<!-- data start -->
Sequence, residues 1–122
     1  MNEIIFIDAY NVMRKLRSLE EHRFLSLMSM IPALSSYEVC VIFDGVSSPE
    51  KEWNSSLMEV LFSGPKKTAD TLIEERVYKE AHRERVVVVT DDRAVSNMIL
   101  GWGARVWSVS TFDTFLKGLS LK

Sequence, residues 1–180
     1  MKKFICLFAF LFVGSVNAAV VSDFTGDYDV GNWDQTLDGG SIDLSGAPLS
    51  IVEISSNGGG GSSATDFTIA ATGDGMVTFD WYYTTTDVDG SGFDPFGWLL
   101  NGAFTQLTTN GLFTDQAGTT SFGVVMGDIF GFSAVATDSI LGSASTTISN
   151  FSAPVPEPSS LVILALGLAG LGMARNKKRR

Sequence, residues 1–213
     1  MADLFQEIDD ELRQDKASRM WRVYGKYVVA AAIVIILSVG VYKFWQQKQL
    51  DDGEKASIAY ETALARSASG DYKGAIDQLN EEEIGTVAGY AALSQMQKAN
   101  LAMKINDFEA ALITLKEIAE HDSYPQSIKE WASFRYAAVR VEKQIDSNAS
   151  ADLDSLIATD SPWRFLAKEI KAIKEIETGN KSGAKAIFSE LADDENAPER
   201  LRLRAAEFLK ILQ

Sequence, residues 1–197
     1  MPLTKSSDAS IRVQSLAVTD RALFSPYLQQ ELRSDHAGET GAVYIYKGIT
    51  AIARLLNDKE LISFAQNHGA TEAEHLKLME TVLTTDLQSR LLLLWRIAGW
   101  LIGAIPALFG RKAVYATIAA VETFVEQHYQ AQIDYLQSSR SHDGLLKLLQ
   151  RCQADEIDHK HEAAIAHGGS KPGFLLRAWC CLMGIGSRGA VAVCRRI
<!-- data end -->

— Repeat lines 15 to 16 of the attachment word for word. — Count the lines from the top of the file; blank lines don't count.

   201  LRLRAAEFLK ILQ

Sequence, residues 1–197